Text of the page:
• Re:Turkey? (Score:4, Insightful)

    by the_arrow (171557) on Sunday October 26, 2008 @10:51AM (#25517489) Homepage

    Yes, Turkey has done some bad stuff and killed quite a lot of people, but never in the name of religion. Turkey is almost aggressively secular. The military is known to step in and take control whenever any religion gets to much power. There is at the moment 86 people in a single trial for treason because the tried to perform a coup against the government, which is run by an openly Islamic party (elected in a free and open election). But then the grandparent is also wrong in calling Turkey a Muslim country, the currently ruling party still tries to keep Turkey a secular country.

  • Re:Turkey? (Score:1, Insightful)

    by Anonymous Coward on Sunday October 26, 2008 @10:58AM (#25517551)

    This is a very stupid idea, why the hell should people be worried about "interpreting" the Koran and the Hadith? Do you place that burden on the Christians as well? Shit, leave people alone man

  • Let's not argue... (Score:3, Insightful)

    by Spartz (1164699) on Sunday October 26, 2008 @12:42PM (#25518213) Homepage
    Let's work together instead of arguing on which country is better. The fact is, the situation sucks. Digiturk (not Oktar!) was able to get all of Blogger/Blogspot banned [basbasbas.com] due to dated or poorly composed laws. It sucks, but it's the reality. What we need to do is spread the message, get it out in the open... A lot of media hasn't even picked up on it yet, I had to contact the media myself to get them to report on it (gave a short radio interview to radio 3FM in Holland this afternoon). Spread the news. Talk about it. Blog about it. Social bookmark it. Whatever you do. This is not just about Turkey and their laws, but the future of the internet. It cannot become acceptable that countries (or ISP's) block off parts of the internet on false pretenses. You can read the article on why exactly Blogger got banned in Turkey here: http://www.basbasbas.com/blog/2008/10/26/digiturk-causes-turkish-ban-of-bloggerblogspot/ [basbasbas.com] No more speculation.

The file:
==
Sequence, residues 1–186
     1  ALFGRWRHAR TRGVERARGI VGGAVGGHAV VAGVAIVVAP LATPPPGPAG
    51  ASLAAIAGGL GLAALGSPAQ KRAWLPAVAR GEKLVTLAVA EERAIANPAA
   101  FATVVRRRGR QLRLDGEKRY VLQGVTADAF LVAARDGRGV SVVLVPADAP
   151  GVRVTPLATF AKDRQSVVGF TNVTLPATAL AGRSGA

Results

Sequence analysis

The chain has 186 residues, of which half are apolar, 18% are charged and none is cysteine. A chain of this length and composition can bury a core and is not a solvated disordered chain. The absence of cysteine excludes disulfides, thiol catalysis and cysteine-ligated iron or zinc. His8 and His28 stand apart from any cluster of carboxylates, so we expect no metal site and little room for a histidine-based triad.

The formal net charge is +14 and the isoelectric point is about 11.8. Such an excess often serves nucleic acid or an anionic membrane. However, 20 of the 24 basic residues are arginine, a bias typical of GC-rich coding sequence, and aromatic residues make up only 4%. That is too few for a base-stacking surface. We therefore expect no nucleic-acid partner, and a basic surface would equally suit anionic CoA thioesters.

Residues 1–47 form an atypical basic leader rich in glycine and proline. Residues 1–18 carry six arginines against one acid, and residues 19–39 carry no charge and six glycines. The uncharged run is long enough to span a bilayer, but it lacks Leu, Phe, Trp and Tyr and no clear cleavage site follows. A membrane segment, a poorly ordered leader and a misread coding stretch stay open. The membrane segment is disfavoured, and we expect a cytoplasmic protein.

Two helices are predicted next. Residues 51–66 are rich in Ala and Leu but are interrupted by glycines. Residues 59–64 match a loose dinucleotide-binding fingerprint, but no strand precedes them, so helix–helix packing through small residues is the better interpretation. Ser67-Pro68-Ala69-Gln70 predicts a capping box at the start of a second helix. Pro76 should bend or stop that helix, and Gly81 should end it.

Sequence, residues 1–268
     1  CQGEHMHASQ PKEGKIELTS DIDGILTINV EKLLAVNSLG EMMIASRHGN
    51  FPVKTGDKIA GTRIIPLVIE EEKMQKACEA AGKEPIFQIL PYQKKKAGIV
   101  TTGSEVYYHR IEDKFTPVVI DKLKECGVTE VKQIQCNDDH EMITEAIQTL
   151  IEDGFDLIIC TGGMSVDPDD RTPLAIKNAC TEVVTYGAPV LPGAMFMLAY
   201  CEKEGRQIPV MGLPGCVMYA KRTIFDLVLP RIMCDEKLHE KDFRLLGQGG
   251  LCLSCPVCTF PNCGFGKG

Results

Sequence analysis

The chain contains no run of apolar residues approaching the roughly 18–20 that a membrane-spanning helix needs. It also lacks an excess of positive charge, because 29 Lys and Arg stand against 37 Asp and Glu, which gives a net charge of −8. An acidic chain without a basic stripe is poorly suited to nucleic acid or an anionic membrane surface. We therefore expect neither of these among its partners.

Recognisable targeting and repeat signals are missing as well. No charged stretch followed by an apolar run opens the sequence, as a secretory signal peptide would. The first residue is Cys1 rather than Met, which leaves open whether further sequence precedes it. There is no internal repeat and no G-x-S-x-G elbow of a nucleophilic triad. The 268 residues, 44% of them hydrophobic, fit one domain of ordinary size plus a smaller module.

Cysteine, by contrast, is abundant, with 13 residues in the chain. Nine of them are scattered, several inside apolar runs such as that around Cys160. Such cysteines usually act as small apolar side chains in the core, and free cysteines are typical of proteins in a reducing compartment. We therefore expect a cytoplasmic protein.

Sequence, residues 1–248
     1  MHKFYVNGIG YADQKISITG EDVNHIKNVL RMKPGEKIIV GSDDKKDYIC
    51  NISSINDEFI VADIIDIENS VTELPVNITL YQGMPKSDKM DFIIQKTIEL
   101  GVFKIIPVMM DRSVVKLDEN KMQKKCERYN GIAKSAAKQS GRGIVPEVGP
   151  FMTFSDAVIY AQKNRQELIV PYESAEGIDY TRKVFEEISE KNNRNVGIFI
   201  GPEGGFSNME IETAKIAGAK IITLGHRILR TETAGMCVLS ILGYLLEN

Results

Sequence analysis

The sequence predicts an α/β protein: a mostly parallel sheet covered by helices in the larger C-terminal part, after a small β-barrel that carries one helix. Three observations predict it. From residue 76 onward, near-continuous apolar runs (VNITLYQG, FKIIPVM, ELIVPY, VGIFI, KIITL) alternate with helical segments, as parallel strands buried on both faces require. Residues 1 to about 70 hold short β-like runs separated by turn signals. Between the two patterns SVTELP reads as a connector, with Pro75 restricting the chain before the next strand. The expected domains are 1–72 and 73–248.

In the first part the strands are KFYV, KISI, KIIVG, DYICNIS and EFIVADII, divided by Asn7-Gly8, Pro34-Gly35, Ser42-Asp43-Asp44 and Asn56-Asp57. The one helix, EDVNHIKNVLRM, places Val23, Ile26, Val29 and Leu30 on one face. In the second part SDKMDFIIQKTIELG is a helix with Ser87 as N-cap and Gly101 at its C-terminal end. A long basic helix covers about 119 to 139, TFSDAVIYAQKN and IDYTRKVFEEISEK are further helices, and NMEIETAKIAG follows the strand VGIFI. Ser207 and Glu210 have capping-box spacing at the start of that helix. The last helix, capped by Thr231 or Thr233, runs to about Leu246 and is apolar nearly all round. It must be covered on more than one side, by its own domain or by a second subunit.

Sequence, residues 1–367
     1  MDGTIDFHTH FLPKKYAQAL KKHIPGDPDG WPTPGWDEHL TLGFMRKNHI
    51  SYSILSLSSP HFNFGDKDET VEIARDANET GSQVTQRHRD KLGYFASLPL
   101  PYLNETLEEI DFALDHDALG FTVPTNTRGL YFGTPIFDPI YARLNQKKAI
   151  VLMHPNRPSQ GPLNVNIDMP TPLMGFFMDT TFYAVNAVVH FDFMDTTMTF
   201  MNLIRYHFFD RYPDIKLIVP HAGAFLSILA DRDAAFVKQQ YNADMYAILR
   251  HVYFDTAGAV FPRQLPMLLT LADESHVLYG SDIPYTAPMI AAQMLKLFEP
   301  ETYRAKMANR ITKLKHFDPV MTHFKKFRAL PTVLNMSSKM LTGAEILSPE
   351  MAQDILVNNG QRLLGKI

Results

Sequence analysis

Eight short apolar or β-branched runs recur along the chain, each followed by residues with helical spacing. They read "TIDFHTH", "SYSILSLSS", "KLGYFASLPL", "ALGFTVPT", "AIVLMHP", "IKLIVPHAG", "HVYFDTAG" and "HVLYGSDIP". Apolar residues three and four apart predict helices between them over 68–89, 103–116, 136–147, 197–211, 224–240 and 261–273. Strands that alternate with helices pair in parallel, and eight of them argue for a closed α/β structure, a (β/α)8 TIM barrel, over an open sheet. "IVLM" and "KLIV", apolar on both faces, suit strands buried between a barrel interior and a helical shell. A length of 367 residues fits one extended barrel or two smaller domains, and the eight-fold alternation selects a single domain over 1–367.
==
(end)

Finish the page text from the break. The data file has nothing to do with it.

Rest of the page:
• Re:Turkey? (Score:3, Insightful)

    by shutdown -p now (807394) on Sunday October 26, 2008 @02:02PM (#25518817) Journal

    Malaysia? The country the ruling party in which uses a slogan, "race, religion, nation"? The country which divides its citizen into Malay - first-class cream of the crop (bumiputra), and everyone else - second-class scum, and requires all Malay to be Muslim by law? (if you aren't Muslim, you aren't Malay). The country which forbids changing one's religion in the passport from Islam to anything else, because the mullahs won't recognize the change ("There is no such thing as leaving Islam. Apostasy is a crime.")?

    Right. Such a cute peaceful little country...

  • by shutdown -p now (807394) on Sunday October 26, 2008 @02:08PM (#25518859) Journal
    Excuse me, but doesn't what you're saying boil down to this: periodically, the people of Turkey elect leaders which campaign on a fundamentalist Islamic platform, who, once elected, start to push the country towards theocracy. At which point the Army intervenes. Which is pretty much what the GP was saying, no?
  • Re:Turkey? (Score:3, Insightful)

    Its constitution even guarantees freedom of religion (and Turkey has no official state religion), and since 1924 has maintained a secular government.

    Since 1924, the educated and westernized upper classes in Turkey have maintained a secular government. But with the increasing education and prosperity of the middle classes, that is changing. Most people in Turkey want a religious government, not a secular one. There is always an assumption that education and prosperity will give rise to a decline in religion and an increase in secularism but this has been proven false time and again by many and varied counterexamples.

    Formal education does not promote critical thinking or a rational mindset. Modern technology does not reduce the demand for religion. Democracy does not lead to the separation of church and state, or to the rule of law.

    It is foolish to think that any amount of "modernisation" will "westernise" the rest of the world. Western countries should realise that no amount of education, democracy or industrialisation was enough to "westernise" the west itself either. It took an altogether greater force to shape our societies into the form we have today.

You can not win the game, and you are not allowed to stop playing. -- The Third Law Of Thermodynamics